Camden to improve Hosmer Pond boat launch in lieu of DEP fine

By Susan Mustapich | May 18, 2017
Photo by: Susan Mustapich The town of Camden will pay $52,300 to upgrade the boat launch and road leading to it, and to make the dock and float compliant with the Americans with Disabilities Act.

CAMDEN — The town will improve the Hosmer Pond boat launch and the road leading to the launch and dock, in lieu of paying a $44,000 fine for environmental violations caused by logging, excavation and other work to widen ski trails and install new ski lifts at the Snow Bowl.

The work at the Hosmer Pond boat launch can cover up to 80 percent of a $44,000 fine set by the Maine Department of Environmental Protection, according to the agency's website.

On May 16, the Select Board approved a $52,300 bid by Farley & Son, to rebuild the road to Hosmer Pond and install concrete planks to improve an area for launching small boats. Regrading and improvement of the road and launch area will address erosion of sand and silt into a wetland area, according to Will Gartley of Gartley & Dorsky Engineering. The company will oversee the project.

Gartley told the Select Board that this erosion was not caused by the Snow Bowl redevelopment. The wetland area next to the dock and float will be reclaimed by planting approximately 30 wetland shrubs, he said. A van-accessible handicapped parking space will be added as part of the project, and the gangway and float will be handicapped accessible as well.

Permits for the work have been submitted to DEP. Gartley hopes the work will begin by June 1 and be completed by July 1, in time for the summer recreation programs.

To pay for the project, the Select Board approved the use of a Snow Bowl reserve fund and the entire $35,741 remaining from the $2 million bond which voters approved for the Snow Bowl redevelopment.

The DEP fine is part of an enforcement action against the town and BCD Excavation and Forestry of Jefferson for violations of erosion and sedimentation control and storm water management rules, as well as violations of the Natural Resources Protection and Protection, and Improvement of Waters acts.

The enforcement case was opened in 2014, and will conclude when a consent agreement is finalized between the DEP and town.

During 2014 and 2015, heavy rains carried soils from Ragged Mountain into Hosmer Pond and Hosmer Brook as a result of inadequate and ineffective erosion controls.

A Septempter 2014 DEP violation notice cites that "during the logging operation, BCD Excavation and Forestry skidded trees down several pre-existing ski trails, severely disturbing soils, without the use of erosion and sedimentation controls."

DEP Bureau of Land Resources enforcement division officer Dawn Hallowell conducted many site visits to inspect the Snow Bowl during the redevelopment.

On Dec. 23, 2014, Hallowell conducted a site visit with former town manager Patricia Finnigan, former Snow Bowl manager Landon Fake, Gartley, Dave Marceau, Art McGlauflin and Lee Sligh. Hallowell observed disturbed soils at the lower magic carpet lift, water bar and drainage issues at tower five of the triple lift, and effects of erosion from a Dec. 10 storm throughout the construction area. She noted that a "temporary access road across the slope from the triple chair to double chair is a mess," and water bars that were not constructed correctly and were causing new erosion channels. Hallowell concluded, "clear they are disturbing soil and not covering it adequately. There will most likely be another discharge in tomorrow's rain event."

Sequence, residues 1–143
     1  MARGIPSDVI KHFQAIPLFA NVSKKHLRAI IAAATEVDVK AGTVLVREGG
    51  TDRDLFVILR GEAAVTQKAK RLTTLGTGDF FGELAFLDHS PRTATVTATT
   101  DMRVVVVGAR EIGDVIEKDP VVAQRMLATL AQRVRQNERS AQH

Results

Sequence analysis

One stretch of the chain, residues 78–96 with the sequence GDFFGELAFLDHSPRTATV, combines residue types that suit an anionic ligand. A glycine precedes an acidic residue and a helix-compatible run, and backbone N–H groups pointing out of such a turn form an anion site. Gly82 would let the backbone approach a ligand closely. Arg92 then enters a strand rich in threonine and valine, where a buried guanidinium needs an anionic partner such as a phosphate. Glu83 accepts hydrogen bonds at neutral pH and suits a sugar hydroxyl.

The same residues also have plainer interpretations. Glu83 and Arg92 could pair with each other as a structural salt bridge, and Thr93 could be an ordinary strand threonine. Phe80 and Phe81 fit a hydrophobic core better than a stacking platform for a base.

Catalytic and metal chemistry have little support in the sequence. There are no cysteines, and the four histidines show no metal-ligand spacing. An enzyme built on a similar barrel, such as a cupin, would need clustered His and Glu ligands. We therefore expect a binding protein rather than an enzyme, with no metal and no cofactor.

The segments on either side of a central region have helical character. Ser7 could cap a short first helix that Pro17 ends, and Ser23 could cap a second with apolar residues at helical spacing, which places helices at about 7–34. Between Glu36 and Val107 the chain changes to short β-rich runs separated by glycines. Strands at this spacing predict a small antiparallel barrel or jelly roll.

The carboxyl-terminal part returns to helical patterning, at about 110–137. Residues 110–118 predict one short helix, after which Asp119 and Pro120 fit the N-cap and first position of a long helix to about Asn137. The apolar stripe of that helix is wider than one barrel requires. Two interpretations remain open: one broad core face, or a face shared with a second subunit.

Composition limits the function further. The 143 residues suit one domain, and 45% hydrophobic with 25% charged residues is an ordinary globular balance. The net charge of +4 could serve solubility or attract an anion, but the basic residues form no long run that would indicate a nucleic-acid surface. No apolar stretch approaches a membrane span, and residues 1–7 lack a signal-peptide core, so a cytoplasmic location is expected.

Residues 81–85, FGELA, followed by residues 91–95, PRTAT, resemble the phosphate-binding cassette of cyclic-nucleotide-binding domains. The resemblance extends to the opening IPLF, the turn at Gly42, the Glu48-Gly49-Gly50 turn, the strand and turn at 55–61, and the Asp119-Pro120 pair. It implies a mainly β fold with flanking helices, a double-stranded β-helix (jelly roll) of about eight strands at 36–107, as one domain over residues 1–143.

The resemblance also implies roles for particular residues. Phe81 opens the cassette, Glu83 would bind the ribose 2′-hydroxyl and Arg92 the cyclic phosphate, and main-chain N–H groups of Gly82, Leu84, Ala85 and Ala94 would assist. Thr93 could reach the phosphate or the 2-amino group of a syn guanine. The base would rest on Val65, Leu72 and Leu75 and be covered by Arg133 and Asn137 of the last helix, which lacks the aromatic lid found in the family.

In 2015, according to DEP files, agency personnel were still visiting Ragged Mountain with Camden town officials, and finding erosion problems and environmental violations.

On June 24, 2015, DEP Hallowell conducted a site visit at the Snow Bowl with Finnigan, Fake, Gartley and Pete Ledgewood, According to Hallowell's notes, the "left lowest 20 feet" of a ditch near the the magic carpet lift was "open and unprotected. That area eroded into wetland and then two constructed settling ponds and out to the emergent wetland and Hosmer Pond."

On an access road up the mountain, Hallowell observed "slope failures on uphill slope and erosion of road bed itself." Water bars, which were constructed to prevent erosion down the access road "filled and overtopped or water channelized in road bed and formed erosional gullies into the stream and Hosmer Brook," according to Hallowell's notes.

Hallowell's notes concluded, "tried to explain to town that this discharge was foreseeable and avoidable. Same mistake as last visit (6/5/15) open ditch."

Hallowell said in February that she inspected the Camden Snow Bowl many times over a two-year period. She last inspected the ski mountain in spring 2016, and said it is stable and under control, and that vegetation is growing there.

Heavy rains that washed loose soil down the mountain and into Hosmer Pond have also prompted concern from neighbors on the pond.

In May 2016, an aerial photograph identified a blob of algae in Hosmer Pond, estimated by the DEP to be around 2.5 acres in size. In July, staff from DEP's Lakes and Ponds unit visited Hosmer Pond to investigate removal processes for the algae blob.

Courier Publications reporter Jordan Bailey contributed to this report. Courier Publications reporter Susan Mustapich can be reached at 236-8511 or by email at

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